- I don’t have to identify as disabled in order to do justice to disability in the past. With disability comes a concept of normalcy, and everyone has a stake in that, just like everyone has a stake in gender.
- I am not responsible for the assumption that the only people who study disability in the past are themselves disabled. Still, I am aware that it exists and that I must be careful not to imply that I am something that I am not.
A disabled scholar would write a different dissertation, but it’s not just because of their disability, it’s because of their myriad life experiences that I didn’t have. Given the politics of identity, though, I think it’s important to be upfront and also self-reflexive, to think about the problems of your own identity and how it affects your research program.
7 thoughts on “I am not disabled.”
This is a great piece. I have just started thinking about disability and ableism in reference to the Odyssey–there is a lot of work to do here! Thanks for this.
I enjoyed reading this essay. It’s interesting to think about how life experiences shape identity and produce different work outcomes. Though you do not yourself have a disability, you are not limited in researching and understanding how disability is or was treated in different societies and shows that you are interested in experiences other than your own.
Thanks, AHaus! I appreciate your support!
I think it’s ok to say “I am not a disabled person” or “I am not disabled” or “non-disabled” and where appropriate recognise the difference of your life experience and ongoing openness to educating yourself more by listening to disabled voices. It is interesting to hear what gaps you see and why you noticed, and be open to hearing what others see too (and crediting them). I think the main thing about allyship is to ensure that work by oppressed groups is credited and benefits them rather than just you. That might mean where possible paying some of your benefits back to those groups specifically in recognition if you get paid for something. Or paying participants in research if possible etc etc.
One thing about disability is that not all impairments and disability experiences are the same. There are some general commonalities of experience, especially in response to challenging accessfail for example, but there are also considerable differences between people in different impairment groups. Some of the early disability studies stuff is rightly criticised for being dominated by white physically impaired men thus not recognising the vast difference of experience by other ‘disabled’ people who face very different barriers such as people with intellectual or mental health impairments or people of colour, women, LGBT+ people and so on. I think it’s always going to be a case of “be as aware of different types of barriers and be as intersectional as you can” and keep learning. It is also OK to not speak for all impairment groups, I can see the research you do as focusing on physical or sensory impairments and I don’t even know if it’s possible to know what other inclusivities were done like “information provision” which I often say is 50% of accessibility before you even start.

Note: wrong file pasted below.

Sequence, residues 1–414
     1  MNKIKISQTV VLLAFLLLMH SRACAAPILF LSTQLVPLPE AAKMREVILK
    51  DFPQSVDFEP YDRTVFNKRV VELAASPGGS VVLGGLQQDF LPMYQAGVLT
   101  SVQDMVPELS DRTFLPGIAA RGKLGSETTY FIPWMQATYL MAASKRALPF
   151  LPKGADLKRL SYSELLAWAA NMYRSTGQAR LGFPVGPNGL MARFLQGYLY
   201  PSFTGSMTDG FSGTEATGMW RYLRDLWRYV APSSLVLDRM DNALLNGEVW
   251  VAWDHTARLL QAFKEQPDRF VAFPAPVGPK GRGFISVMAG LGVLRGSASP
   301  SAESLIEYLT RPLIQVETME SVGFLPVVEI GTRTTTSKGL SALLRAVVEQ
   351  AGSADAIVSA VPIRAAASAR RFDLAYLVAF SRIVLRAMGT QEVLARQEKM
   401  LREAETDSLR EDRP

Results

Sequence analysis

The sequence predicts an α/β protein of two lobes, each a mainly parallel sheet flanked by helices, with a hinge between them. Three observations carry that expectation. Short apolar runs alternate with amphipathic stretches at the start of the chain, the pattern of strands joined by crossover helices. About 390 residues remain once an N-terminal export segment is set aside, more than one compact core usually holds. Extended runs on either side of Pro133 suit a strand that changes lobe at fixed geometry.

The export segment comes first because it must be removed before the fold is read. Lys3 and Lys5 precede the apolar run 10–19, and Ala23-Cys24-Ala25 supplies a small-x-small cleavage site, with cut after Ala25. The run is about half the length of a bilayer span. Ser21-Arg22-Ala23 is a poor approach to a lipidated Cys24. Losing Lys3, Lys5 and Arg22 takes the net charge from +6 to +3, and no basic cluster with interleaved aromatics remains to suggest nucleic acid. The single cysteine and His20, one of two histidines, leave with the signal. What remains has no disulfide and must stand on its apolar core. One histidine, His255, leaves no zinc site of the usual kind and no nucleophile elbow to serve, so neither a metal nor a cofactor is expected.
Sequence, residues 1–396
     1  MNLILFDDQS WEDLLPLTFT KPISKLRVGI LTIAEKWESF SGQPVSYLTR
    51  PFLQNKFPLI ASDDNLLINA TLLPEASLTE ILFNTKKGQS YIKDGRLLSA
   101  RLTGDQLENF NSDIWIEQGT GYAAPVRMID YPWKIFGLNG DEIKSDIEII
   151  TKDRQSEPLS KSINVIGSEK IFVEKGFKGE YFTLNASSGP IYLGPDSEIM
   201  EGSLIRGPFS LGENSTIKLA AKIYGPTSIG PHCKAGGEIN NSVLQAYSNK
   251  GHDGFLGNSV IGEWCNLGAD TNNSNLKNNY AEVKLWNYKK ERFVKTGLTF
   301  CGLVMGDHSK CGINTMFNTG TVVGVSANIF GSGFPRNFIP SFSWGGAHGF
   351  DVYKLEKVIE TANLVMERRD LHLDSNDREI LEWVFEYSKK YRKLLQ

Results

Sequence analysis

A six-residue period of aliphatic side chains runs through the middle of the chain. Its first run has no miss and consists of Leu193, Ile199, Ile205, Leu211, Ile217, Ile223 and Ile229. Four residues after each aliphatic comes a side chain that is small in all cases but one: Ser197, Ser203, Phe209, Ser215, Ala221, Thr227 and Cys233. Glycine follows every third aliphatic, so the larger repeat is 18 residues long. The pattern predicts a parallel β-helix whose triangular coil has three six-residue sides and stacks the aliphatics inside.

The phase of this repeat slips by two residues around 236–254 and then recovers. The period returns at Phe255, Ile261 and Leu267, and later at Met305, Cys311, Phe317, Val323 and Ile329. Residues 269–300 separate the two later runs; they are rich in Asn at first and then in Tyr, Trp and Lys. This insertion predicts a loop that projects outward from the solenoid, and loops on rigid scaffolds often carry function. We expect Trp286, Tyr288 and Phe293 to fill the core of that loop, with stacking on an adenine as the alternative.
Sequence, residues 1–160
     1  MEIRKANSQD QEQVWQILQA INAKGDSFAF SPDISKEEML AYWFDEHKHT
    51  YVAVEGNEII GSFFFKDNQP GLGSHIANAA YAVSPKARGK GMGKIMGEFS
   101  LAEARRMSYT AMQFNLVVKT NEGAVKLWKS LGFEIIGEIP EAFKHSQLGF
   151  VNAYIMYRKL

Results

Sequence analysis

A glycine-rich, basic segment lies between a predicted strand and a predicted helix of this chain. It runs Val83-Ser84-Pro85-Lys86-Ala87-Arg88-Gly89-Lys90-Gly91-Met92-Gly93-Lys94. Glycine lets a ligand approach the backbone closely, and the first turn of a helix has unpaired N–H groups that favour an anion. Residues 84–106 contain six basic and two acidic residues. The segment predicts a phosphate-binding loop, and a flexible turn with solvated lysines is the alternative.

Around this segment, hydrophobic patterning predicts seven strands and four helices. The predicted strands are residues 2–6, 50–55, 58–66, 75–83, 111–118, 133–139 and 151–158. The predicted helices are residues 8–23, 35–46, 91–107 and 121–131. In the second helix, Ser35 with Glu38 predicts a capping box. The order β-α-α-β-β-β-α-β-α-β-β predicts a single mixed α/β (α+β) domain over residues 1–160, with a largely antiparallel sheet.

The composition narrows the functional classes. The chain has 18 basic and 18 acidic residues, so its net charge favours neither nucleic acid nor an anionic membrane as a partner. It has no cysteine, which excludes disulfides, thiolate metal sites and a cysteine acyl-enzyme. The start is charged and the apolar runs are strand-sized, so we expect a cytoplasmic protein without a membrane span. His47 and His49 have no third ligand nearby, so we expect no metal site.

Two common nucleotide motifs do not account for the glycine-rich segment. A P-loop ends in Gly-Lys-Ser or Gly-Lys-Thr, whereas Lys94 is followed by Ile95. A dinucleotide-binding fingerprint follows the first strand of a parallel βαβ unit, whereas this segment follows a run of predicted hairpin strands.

These are all really great suggestions for how to approach this! In my research I try to account for intersections–specifically, age–but it’s so hard to account for everything that could potentially influence one’s experience of identity. I guess in the case of scholarship, it’s about the accumulation of perspectives on a topic that allows us to appreciate the richness of a topic–the different kinds of people and their unique perspectives on an issue demonstrate just how complicated are the issues in the past, since so many different kinds of people can “read” something in so many different ways. And thanks for the comment about not profiting from the research as an ally. Since academics don’t really profit so much, I guess people like me could think more about outreach–finding ways to disseminate our work to more and different kinds of people, not just other (often able-bodied) academics (though, honestly, we should all be thinking about how better to share our work with people outside of our narrow fields).
When I read that you didn’t want to receive extra consideration or a fellowship as a result of being mistaken for a disabled scholar, I realized that, up until that point, I had been thinking mainly about the *risks* of appearing disabled.
For the invisibly disabled who haven’t disclosed their disability status, the assumption that only the disabled study the disabled can make writing on these topics feel like a dangerous game indeed. While I regret these situations, I can’t help but think that, if abled scholars writing about disability start identifying themselves as abled, these anxieties will only be reaffirmed?
That’s a great point! It’s a tricky situation all around, I think, because you could have a committee (for a job, grant, publication, etc.) that sees a disabled author as either a boon (if they’re trying to increase diversity) or a bust (if they don’t want to deal with accommodations, etc.). How can you know? And yes, what does it do for the invisibly disabled, who could technically pass for non-disabled: should they? Should it matter if the person writing about a subject is disabled or not, or how they’re disabled? The problem is, with identity studies, it often DOES matter, because your identity affects your work in big ways, and it can be important for a reader to know from what position you’re writing. It gets complicated really fast.